5 Interesting Facts About Coral Reefs
Coral reefs are known as the rainforests of the sea. The Great Barrier Reef covers some 133,000 square miles of the Coral Sea off the coast of Queensland, Australia. While most of us may never have the opportunity to see the Great Barrier Reef in person, we can learn more about coral reeds and how the ecosystem supports marine life worldwide.
1. Hundreds of Coral Species
Coral is a unique structure that makes up the coral reef ecosystem. Coral has been dated to 400 million years ago in the fossil ledger. In the last 25 million years, these organisms have evolved into the modern coral reef. There are over 6,000 types of corals in the world. The Great Barrier Reef houses only 600 types within its realm. Coral comes in many colors: red, purple, and yellow, with browns and greens being the most common. Coral reefs keep our ocean healthy by providing food, shelter, resting, and nesting grounds for one-quarter of the earth’s marine life.
2. Coral are Animals
Although corals appear to be plants, they are animals. Coral reefs begin as small polyps with a mouth and stomach. Polyps have combined for thousands of years to support each other, forming the coral reefs in our ocean. Coral is a cousin to the jellyfish or sea anemone, also classified as animals. Coral reefs support marine life and the more than 1 billion people on the coast.
3. Coral Supports a Quarter of the Ocean
It’s estimated that coral reefs provide over $10 trillion in benefits annually. A coral reef is like an underwater forest supporting the ocean floor. The corals that connect provide a habitat for algae to octopuses. When the coral reefs can’t do their job, it risks every marine species that relies on the coral reef for protection or food. Corals also protect the beaches by reducing damaging waves. Without these, over half a billion people who depend on the reefs would be left without coastline protection, food, & jobs.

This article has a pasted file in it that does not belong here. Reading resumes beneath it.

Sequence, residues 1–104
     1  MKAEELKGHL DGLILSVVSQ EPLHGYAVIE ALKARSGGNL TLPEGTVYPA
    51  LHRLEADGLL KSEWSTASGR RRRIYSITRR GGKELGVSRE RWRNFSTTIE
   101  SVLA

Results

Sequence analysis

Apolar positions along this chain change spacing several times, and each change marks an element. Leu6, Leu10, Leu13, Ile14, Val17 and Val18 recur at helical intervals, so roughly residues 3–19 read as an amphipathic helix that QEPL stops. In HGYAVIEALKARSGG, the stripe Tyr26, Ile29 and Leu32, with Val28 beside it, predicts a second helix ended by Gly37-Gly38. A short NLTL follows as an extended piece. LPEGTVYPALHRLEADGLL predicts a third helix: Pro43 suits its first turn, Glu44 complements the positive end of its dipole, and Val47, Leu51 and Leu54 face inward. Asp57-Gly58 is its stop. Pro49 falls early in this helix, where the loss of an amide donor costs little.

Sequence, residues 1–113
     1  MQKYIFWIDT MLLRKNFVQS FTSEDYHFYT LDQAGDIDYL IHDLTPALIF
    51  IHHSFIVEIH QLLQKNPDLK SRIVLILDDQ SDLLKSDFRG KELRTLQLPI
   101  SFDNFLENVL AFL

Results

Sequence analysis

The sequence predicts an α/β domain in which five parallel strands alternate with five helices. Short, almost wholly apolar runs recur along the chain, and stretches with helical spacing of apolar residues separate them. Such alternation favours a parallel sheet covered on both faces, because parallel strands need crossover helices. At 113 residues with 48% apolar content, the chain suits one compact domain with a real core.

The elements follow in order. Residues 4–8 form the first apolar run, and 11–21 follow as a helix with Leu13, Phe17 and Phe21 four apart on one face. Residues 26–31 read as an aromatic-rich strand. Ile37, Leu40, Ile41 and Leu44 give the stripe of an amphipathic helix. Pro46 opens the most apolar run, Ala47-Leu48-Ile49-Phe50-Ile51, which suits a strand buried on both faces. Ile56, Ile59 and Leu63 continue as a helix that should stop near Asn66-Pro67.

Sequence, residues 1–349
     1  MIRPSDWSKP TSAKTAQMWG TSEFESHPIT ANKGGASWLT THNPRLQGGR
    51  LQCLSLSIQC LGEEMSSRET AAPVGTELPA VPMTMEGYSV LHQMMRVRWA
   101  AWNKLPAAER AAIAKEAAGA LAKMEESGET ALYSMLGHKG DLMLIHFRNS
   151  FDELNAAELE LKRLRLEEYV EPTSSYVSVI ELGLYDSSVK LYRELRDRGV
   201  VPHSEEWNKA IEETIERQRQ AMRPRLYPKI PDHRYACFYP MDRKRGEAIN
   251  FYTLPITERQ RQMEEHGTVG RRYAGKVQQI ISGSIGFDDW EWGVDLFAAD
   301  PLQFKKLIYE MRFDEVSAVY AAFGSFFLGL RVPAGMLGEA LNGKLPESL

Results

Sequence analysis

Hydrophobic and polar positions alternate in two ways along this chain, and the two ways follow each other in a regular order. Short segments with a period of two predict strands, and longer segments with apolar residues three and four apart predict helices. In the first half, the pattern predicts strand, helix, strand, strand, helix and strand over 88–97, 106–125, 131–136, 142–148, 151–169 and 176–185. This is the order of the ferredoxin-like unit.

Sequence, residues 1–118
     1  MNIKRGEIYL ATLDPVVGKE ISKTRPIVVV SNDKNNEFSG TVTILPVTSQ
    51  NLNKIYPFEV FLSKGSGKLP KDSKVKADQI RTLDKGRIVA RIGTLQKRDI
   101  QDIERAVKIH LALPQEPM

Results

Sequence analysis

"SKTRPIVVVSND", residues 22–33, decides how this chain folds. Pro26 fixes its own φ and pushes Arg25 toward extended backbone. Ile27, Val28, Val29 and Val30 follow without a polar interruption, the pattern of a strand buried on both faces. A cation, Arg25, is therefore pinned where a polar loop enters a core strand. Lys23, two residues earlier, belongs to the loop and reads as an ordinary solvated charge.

4. Coral Eat Small Fish/Plankton
Like jellyfish, coral has stinging cells to catch floating plants and plankton to eat. Coral has a symbiotic relationship with algae. Algae is a food source for coral. The coral protects the algae and assists reef-building coral through photosynthesis to provide food through the sun. Most coral tends to be nocturnal, so aquariums keep tanks with coral darker.
5. Climate Change is a Huge Threat to Coral Reefs
One of the most alarming facts about coral reefs is how fast they’re declining under climate change. The ocean’s chemistry changes as the ocean absorbs more carbon monoxide, dioxide, and other fossil fuel gases. The waters are warmer. This thermal stress leads to coral bleaching, in which the zooxanthellae are released from the coral’s tissue. The algae that colored the coral are gone, so the skeleton of the coral can be seen. The coral begins to starve. While bleached coral is not dead, it can take weeks to recover only if temperatures in the ocean lower. Many reefs cannot keep up with the changing waters, so coral is routinely lost, reducing the size of coral reefs.
Learn More About Coral Reefs
Coral reef ecosystem facts seem very vague when you don’t understand the relationship between coral reefs and marine habitats. We believe that when you see a natural coral reef in the ocean, you become a better steward for future generations. Take a whale-watching tour to learn about coral reefs, whales, marine life, and more to understand why we must do our part to reduce climate change and pollution.